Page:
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Lindy Infante was the offensive guru hired in 1988 who was unable to revive a Green Bay Packers organization that had been dormant since the late 1960s.

Infante died Thursday in Florida at 75 of what former Packers safety LeRoy Butler described as complications from pneumonia.

The 10th head coach in Packers history, Infante had one promising season with the team franchise. In 1989, he was named the NFL’s coach of the year after the Packers went 10-6 and just missed out on a playoff berth via tiebreakers.

But ultimately, he was unable to turn around the Packers and was fired by Ron Wolf about a month after Wolf took over as general manager in late November 1991.

“The Packers Family was saddened today to learn of the passing of Lindy Infante,” Packers president and CEO Mark Murphy said in a statement Thursday. “Lindy’s 1989 team rekindled the enthusiasm of Packers fans with its exciting victories, and he and his wife, Stephanie, were very active in the community during their time in Green Bay. The organization’s sincere condolences go out to the entire Infante family.”

Infante coached the Packers from 1988 to 1991 and finished with a 24-40 record.

According to Butler, who played for Infante, the former coach was diagnosed with pneumonia recently after doctors took X-rays following a fall in which he’d broken four ribs. Doctors put him in hospice care before he died.

"You put (Infante) together with a (defensive coordinator) Buddy Ryan or Fritz Shurmur defense, he probably could have won a championship because his offense could score points, no doubt about it,” Butler said. “He never had a great defense. If you’re an offensive-minded coach, you have to get a good coordinator and system, and have enough great defensive players to compete.”

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Infante made his reputation in the NFL as an offensive assistant coach with the Cincinnati Bengals from 1980 to 1982 and the Cleveland Browns in 1986 and 1987.

He was the Bengals’ quarterbacks/receivers coach in 1981, when the Bengals went to the Super Bowl with Ken Anderson as their quarterback. In 1982, he was their offensive coordinator. He was offensive coordinator in both seasons with the Browns, and with Bernie Kosar as quarterback, the team finished fifth and third in the NFL in scoring.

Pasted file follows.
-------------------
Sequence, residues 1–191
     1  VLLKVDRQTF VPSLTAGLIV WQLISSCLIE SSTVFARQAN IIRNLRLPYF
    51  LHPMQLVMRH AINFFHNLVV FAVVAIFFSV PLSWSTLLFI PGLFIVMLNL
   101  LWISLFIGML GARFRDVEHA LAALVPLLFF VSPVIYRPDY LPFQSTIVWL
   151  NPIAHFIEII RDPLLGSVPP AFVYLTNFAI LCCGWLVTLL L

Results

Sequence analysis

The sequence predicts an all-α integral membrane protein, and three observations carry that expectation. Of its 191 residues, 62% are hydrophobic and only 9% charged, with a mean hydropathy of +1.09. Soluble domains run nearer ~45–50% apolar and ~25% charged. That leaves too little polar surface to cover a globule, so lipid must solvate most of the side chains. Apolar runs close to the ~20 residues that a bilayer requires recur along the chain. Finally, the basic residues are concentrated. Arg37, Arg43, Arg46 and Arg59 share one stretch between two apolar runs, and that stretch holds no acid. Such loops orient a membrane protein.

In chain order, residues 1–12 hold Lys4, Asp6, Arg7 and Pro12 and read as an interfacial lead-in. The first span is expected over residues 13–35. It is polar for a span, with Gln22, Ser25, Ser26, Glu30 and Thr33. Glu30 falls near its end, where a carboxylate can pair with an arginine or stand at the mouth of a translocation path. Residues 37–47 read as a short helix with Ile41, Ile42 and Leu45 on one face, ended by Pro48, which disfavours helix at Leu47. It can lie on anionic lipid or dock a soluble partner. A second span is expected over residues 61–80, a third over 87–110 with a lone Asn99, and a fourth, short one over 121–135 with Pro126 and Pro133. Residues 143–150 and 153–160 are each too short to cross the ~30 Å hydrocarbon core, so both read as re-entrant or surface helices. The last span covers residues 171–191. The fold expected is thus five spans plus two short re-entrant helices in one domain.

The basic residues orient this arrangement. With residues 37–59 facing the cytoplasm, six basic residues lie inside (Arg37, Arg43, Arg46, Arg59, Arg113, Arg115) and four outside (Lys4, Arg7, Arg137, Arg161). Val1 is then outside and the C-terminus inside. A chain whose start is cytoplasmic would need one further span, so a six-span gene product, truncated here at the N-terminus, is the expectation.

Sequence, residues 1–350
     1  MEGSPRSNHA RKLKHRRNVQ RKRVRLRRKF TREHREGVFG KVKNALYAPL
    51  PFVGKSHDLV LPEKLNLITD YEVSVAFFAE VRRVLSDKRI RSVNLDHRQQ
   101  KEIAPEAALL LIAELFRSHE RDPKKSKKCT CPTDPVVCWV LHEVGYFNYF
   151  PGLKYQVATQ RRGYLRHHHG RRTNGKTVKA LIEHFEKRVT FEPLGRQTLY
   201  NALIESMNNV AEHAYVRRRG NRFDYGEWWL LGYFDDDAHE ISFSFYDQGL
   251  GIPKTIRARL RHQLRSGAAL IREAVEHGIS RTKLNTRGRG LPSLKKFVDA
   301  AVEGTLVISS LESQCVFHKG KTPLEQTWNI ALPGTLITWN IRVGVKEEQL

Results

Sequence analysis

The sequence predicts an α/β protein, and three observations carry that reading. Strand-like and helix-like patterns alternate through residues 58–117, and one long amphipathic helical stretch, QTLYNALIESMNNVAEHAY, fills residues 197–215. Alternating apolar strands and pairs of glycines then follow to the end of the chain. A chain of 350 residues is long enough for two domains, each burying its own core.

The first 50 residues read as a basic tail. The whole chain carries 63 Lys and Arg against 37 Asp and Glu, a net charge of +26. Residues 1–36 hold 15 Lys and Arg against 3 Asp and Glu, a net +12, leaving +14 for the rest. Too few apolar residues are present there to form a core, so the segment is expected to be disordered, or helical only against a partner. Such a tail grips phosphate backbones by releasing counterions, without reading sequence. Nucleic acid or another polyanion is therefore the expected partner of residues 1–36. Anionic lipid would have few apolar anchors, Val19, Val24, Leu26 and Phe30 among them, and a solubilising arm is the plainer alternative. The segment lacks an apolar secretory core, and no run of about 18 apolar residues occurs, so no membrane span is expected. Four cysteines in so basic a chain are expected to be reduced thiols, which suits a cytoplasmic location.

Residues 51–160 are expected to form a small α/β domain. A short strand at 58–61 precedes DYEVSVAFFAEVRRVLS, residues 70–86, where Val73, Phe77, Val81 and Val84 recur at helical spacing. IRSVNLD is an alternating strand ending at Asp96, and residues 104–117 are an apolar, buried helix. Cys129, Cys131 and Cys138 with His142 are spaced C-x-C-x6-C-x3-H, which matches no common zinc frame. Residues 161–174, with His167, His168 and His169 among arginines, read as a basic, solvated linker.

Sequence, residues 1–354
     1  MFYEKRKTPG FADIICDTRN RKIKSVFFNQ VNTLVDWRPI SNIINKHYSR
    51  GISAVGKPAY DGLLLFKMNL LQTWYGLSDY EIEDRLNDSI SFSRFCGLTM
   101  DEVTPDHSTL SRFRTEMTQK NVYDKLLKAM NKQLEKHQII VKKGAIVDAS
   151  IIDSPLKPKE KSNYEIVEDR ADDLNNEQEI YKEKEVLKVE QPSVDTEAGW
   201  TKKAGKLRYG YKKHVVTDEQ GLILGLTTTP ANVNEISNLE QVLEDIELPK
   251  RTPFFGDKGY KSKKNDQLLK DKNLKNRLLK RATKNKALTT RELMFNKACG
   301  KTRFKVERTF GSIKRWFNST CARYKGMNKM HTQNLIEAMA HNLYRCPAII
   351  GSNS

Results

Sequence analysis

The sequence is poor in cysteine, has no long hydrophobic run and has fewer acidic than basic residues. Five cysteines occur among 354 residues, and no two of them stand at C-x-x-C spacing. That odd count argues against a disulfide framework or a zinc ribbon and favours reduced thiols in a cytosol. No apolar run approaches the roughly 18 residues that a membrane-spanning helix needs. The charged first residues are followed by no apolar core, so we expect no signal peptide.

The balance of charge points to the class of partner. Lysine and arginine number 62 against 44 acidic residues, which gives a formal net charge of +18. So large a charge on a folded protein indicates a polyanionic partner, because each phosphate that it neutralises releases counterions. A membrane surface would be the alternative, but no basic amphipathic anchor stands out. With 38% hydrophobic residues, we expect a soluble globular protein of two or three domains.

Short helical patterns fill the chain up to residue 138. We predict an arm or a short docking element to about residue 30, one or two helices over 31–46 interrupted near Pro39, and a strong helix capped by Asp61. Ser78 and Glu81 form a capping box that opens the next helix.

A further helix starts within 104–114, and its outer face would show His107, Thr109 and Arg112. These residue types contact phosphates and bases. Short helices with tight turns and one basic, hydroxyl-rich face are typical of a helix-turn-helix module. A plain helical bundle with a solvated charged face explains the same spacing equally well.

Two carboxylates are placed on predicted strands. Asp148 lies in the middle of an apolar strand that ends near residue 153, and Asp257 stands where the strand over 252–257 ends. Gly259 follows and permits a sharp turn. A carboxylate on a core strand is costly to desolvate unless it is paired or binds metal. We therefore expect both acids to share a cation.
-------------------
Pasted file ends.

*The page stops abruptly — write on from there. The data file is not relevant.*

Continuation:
Tom Braatz, the Packers’ general manager in 1988, hired Infante after Michigan State coach George Perles accepted the job, then changed his mind the next day.

The highlight of Infante’s time with the Packers was the 1989 season, when the “Cardiac Pack” won six games by four points or less. The biggest of those was the famous 14-13, “Instant Replay” victory over Chicago when on a fourth-and-goal from the Bears’ 14-yard line in the game’s final minute, quarterback Don Majkowski scrambled and hit receiver Sterling Sharpe for a touchdown.

Officials initially nullified the play because they’d penalized Majkowski for crossing the line of scrimmage before he threw the pass. But after reviewing it on instant replay, they reversed the call, the touchdown counted and the Packers won the game.

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Although the Packers’ 10-6 record put them in a tie with Minnesota atop what was then the NFC Central Division, the Vikings won the tiebreaker and the division title. The wild cards went to two 11-5 teams, Philadelphia and the Los Angeles Rams.

“For a franchise that had been struggling for so long to find a winning way, the emergence of that team under Lindy as new coach and Majkowski as its quarterback gave us great promise for the future,” Bob Harlan, the Packers' president at the time, said in the team's statement. “It brought back a great deal of excitement in the community we hadn’t felt for a long time.”

But the Packers quickly declined. The No. 2 pick overall in the 1989 draft, tackle Tony Mandarich, turned out to be a bust, and Infante’s team never recaptured the magic of '89. In 1990, they went 6-10 and finished fourth in the division, and in 1991 they were 4-12 and again finished fourth.

Harlan fired Braatz as GM in November of 1991 and hired Wolf to replace him. Wolf fired Infante on Dec. 22, then in January hired Mike Holmgren to replace him and traded for Brett Favre at quarterback. That was the start of the Packers’ resurgence, which continues to this day.

Infante’s .375 winning percentage was fourth-worst among the 14 head coaches in team history, ahead of only Lisle Blackbourn (.354), Gene Ronzani (.311) and Scooter McLean (.091).

After the Packers fired him, Infante was out of coaching for three seasons but then returned as offensive coordinator for the Indianapolis Colts in 1995. They advanced to the AFC championship game that season. He replaced Ted Marchibroda as head coach the next season, went 9-7 and advanced to the playoffs but lost in the wild-card round.

Infante was fired after going 3-13 the following season. His big win in 1997 was when his previously winless team pulled off a 41-38 upset of the Packers, who went on to the Super Bowl that year.

Infante also was a head coach with the Jacksonville Bulls of the United States Football League in 1984 and 1985. He had a 15-21 record with the Bulls.

I first met Lindy Infante when he was a tailback at Florida under Ray Graves. He
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